Estate Planning for Young Adults

January 31, 2023 by Autumn Bryant

Here is the bottom line: Children that reach the age of majority (18-years-old in Indiana) are considered legal adults, which means parents lose their rights not only over financial decisions, but also medical decisions. We all remember being 18 years old. We probably thought we could be an adult and handle most things on our own, but the reality is that being an adult is tough and everyone could benefit from help.

When we look at the necessity behind estate planning for 18+ years old, we need to approach it from two places: (1) this is a new transition in life and they need help with finances and medical care, and (2) there may be an instance of an emergency where decisions need to be made on your child’s behalf.

Asset Management

This might seem like a minor issue since not a lot of 18-year-olds or college-aged students have accumulated many assets. However, gaining access to just a simple cash account in order to take care finances on behalf of your child can be a very arduous process if you are in the middle of an emergency and having to fight with a financial institution.

If there has been Uniform Gifts to Minors Act Account (“UGMA” Account) or a Uniform Transfer to Minors Act Account (“UTMA” Account) formed for your child, they can take legal control of the account as a very young adult. In Indiana, an 18-year-old can take control of an UGMA account and at 21 years old, they can take control of an UTMA account. By having Power of Attorney, there can be monitoring and guidance for the use of these funds or in the event of incapacity, the parent with a Power of Attorney can manage funds on behalf of the adult child.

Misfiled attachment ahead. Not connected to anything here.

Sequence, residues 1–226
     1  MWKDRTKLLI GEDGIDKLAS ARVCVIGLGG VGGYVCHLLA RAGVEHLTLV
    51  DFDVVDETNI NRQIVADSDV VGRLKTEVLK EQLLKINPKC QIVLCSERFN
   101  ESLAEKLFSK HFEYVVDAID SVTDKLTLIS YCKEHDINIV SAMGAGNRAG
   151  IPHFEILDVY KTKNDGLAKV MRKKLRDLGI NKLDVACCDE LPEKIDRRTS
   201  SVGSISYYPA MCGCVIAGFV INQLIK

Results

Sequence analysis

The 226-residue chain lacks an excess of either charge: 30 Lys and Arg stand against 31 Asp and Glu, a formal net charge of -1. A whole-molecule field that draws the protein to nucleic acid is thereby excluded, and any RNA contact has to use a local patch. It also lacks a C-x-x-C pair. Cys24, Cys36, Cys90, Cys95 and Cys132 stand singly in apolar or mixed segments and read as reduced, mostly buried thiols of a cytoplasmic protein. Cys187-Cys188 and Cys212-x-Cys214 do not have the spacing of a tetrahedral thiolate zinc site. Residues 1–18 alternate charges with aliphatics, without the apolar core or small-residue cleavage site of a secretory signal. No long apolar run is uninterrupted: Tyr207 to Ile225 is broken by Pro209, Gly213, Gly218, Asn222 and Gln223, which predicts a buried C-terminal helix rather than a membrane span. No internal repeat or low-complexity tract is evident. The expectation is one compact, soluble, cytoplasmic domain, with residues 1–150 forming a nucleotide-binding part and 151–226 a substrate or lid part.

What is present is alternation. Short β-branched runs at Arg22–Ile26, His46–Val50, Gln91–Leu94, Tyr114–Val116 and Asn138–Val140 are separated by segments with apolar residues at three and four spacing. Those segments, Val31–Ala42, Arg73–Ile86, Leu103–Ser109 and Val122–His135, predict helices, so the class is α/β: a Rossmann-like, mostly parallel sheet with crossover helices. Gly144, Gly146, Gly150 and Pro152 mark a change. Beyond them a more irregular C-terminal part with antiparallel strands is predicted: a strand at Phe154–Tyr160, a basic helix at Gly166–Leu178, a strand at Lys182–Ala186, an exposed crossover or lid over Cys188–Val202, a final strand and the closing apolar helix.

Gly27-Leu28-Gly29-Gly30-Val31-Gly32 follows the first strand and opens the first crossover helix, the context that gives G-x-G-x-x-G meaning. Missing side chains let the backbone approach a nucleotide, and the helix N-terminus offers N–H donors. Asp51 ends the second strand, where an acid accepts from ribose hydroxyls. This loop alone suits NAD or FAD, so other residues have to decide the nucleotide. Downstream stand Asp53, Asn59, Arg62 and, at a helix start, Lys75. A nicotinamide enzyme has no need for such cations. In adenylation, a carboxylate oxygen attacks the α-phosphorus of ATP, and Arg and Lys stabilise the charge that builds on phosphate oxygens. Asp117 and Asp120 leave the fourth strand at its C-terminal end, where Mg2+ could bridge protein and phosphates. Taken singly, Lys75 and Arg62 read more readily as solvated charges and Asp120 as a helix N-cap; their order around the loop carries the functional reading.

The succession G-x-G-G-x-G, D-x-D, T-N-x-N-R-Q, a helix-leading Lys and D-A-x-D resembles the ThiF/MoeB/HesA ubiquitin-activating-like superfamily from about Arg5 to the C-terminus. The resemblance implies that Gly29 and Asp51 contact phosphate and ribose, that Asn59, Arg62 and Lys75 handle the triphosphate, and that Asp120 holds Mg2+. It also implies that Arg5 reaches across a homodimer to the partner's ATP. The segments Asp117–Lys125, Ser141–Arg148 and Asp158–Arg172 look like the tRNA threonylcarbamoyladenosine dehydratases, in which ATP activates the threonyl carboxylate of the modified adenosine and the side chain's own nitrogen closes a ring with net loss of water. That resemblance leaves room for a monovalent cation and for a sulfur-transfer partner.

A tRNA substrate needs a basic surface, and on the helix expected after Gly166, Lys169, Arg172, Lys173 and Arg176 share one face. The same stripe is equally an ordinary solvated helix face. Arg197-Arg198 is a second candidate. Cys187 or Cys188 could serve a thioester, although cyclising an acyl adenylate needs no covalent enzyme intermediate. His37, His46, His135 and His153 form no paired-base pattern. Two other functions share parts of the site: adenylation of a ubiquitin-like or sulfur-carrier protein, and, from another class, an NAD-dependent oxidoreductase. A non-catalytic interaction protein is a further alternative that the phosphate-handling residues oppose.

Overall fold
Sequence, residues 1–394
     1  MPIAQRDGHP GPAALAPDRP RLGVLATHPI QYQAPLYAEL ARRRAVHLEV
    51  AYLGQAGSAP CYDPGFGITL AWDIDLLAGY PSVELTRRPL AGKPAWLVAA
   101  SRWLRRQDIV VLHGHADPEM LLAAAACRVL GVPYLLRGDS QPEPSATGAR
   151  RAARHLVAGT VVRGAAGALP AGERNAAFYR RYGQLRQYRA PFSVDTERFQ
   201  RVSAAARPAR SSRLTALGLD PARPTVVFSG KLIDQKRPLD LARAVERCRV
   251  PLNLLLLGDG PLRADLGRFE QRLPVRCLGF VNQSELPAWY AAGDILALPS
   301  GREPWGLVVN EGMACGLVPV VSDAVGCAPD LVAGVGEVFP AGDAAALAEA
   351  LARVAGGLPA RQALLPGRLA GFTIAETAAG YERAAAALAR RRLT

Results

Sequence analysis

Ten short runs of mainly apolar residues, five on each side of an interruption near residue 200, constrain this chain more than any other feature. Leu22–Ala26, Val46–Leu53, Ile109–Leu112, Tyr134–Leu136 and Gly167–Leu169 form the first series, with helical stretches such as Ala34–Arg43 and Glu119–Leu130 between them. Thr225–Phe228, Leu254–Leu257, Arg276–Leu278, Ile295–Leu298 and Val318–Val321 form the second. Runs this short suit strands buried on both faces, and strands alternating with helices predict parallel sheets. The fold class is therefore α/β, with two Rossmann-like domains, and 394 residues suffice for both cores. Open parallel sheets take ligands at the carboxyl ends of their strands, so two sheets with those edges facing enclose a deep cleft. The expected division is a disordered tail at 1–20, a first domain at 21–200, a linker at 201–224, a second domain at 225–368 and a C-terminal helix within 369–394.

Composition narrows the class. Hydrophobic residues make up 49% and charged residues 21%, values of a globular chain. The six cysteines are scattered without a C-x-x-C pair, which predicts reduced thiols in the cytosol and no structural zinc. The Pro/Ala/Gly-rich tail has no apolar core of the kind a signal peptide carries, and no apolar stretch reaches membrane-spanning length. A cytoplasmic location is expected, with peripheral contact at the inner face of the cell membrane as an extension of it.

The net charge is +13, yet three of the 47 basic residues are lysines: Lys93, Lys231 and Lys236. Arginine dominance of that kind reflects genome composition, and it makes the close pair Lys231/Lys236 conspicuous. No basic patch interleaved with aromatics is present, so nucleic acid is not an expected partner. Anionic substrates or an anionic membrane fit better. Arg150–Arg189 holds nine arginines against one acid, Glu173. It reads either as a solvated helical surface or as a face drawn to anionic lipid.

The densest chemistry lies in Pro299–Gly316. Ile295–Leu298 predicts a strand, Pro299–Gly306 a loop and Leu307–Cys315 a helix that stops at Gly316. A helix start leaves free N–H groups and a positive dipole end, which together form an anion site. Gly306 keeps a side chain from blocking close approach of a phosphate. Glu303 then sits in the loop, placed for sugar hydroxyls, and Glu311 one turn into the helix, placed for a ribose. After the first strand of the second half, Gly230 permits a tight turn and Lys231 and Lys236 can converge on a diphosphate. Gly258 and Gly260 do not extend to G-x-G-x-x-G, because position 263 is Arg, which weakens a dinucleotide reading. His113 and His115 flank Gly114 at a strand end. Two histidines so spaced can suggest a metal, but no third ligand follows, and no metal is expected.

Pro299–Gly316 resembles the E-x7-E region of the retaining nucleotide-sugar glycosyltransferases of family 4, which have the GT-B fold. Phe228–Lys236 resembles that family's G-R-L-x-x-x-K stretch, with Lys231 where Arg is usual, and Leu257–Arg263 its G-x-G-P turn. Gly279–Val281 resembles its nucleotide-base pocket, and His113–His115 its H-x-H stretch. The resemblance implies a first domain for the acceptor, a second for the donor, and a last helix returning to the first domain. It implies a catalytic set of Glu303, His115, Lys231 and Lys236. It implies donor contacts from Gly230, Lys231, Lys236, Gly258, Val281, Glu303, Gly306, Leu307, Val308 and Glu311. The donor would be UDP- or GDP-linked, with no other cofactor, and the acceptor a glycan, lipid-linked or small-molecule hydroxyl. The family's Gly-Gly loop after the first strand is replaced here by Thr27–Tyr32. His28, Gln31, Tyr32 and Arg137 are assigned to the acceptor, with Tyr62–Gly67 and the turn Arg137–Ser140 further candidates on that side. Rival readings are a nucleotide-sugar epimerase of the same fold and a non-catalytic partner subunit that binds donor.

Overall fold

Medical Care

Once your child reaches the age of majority, a parent no longer has access of medical records. This means you cannot obtain medical information, such as immunization records to make sure a college student meets the requirements to go to school. If there is an emergency, you are not able to gain medical information, records, or make medical decisions on your child’s behalf if estate planning has not been done for your adult child.

Essential Documents for College Aged Students

  1. Durable Financial Power of Attorney: A Financial Power of Attorney can allow a parent to handle finances on behalf of the child. You can create either an immediately effective power of attorney that remains in place if the child ever becomes incapacitated. Another option is to create a “springing” power that only becomes effective upon incapacity.
  2. Advance Directive: An Advance Directive assigns a Health Care Power of Attorney, who can make medical decisions if the patient cannot make decisions from themselves due to incapacity. It also contains a Living Will, which is end of life medical care instructions. Additionally, it contains a HIPAA release, which allows medical records and treatment to be released to designated persons.
  3. Last Will and Testament: Depending on what kind of assets your child already has already, it may be prudent to create a Last Will and Testament. At the very least, it is important to make Payable on Death/Transfer on Death/Beneficiary Designations on accounts whether or not a Last Will is appropriate.

Estate planning, even for young adults, is very subjective and there are important decisions that should be counselled through by an attorney. It’s important to discuss your situation, including assets with an attorney before drafting documents.

Contact us today for a no obligation consultation to discuss your situation and goals!